Thrashing The the Passion has other cool things going for it too. It's their first album in 14 years on Frenchkiss, the label who released The Hold Steady's beloved first two albums, and it's their first album since 2008's Stay Positive -- their last great album -- to feature keyboardist Franz Nicolay. It's also got a triumphant, E. Street Band-esque horn section that includes the great Stuart Bogie, who's worked on a zillion cool projects including Hold Steady frontman Craig Finn's solo album I Need A New War that came out earlier this year. All of those factors came together to produce this concise, enjoyable Hold Steady album that reminds you of the band's glory days. It's the shortest album they've ever written, and it zips by with no filler. It sounds like they're having a lot more fun being in a band than they were on their last album, and it's fun to listen to too.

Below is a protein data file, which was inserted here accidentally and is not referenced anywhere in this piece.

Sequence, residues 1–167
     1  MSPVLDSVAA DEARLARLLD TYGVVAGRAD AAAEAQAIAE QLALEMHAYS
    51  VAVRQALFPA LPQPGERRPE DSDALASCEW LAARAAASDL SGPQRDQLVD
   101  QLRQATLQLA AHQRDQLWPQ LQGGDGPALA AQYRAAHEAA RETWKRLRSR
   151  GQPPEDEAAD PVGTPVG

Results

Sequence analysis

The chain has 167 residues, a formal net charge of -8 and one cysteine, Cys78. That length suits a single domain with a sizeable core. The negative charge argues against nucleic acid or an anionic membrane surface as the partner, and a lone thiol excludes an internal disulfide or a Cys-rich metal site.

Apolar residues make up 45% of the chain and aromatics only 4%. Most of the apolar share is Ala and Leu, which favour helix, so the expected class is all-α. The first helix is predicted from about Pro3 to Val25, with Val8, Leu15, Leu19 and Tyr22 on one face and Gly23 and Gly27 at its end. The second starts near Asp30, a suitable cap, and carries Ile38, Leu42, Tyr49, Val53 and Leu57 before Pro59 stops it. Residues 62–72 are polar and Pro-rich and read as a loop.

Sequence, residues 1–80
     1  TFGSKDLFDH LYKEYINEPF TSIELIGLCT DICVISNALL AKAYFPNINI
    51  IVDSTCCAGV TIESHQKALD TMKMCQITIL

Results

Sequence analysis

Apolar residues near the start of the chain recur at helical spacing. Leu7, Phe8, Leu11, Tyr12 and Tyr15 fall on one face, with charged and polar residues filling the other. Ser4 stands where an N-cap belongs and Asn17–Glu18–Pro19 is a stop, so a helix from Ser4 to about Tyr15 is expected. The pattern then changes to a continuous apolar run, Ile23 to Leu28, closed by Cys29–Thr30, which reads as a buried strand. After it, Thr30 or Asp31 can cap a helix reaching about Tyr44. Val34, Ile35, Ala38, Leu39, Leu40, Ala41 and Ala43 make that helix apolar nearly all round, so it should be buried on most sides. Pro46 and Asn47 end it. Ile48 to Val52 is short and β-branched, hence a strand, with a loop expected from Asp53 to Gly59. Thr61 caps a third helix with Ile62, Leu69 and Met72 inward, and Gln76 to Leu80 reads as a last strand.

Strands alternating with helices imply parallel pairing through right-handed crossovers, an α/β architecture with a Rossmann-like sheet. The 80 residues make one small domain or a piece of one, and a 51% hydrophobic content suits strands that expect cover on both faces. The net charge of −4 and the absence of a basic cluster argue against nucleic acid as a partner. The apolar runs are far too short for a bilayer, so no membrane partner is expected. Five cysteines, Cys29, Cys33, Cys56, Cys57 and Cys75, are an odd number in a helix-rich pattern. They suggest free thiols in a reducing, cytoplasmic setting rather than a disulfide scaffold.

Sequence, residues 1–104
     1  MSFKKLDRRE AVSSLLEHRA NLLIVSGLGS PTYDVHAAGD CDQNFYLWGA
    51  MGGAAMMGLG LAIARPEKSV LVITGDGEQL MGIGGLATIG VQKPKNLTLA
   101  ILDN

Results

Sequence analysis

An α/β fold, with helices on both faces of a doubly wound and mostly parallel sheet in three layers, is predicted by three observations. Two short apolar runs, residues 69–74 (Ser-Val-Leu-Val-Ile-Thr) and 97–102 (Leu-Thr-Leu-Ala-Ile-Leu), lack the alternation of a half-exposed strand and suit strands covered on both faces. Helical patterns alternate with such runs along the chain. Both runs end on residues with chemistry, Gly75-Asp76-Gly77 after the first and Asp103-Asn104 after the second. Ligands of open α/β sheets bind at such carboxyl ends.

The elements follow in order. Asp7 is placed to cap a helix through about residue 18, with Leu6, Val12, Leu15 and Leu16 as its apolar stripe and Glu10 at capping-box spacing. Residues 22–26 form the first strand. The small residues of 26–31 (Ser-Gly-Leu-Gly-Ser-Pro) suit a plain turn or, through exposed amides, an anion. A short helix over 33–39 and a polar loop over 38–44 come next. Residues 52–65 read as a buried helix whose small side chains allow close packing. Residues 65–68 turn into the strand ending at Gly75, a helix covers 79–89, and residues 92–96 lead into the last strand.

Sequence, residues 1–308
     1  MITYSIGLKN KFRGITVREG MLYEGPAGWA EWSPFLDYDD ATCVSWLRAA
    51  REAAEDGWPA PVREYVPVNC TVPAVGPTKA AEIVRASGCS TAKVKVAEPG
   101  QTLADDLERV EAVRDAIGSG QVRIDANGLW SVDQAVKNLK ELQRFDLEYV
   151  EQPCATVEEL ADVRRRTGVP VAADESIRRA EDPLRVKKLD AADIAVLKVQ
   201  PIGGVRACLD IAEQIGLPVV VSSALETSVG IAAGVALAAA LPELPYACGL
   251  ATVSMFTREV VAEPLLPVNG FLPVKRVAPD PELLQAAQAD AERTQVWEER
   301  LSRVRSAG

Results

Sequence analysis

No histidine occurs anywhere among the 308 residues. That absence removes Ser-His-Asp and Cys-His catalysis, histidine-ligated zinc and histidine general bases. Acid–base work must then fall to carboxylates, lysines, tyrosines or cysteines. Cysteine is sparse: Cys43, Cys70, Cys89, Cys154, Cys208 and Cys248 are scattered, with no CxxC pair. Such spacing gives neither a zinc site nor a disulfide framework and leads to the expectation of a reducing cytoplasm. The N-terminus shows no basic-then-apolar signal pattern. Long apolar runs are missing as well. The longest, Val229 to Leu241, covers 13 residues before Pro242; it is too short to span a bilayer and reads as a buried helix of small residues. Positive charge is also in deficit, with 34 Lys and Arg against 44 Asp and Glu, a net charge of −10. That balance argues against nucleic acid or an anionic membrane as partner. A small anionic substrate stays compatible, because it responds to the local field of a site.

The tough-to-pin-down Compton artist Channel Tres' new five-song EP exists somewhere between underground dance beats and a totally warped vision of hip hop, completely unlike the one that's most popularly associated with his hometown (though he does consider The Chronic an influence). His vocal delivery is somewhere between rapping, singing, and speaking, and it's as bass-y and subdued as the production. It's not very attention grabbing in the traditional sense, but it creeps into your veins and hooks you in when you least expect it. It's full of references to other artists (“Black Moses” to Isaac Hayes, "Sexy Black Timberlake" to Justin Timberlake), and it's also full of powerful lyrics that tackle race and sexuality and challenge stereotypes and the status quo. The EP has one guest, JPEGMAFIA (on the title track), and those two make a great pair. They sound very different, as you can clearly hear on this EP, but they both look outside the box musically and use their platforms to discuss aspects of serious issues that aren't always discussed on a widespread level. This EP covers more musical and lyrical ground with four proper songs and a short intro track than some artists do on albums that are quadruple the length. It's already got me excited to hear what Channel Tres does next.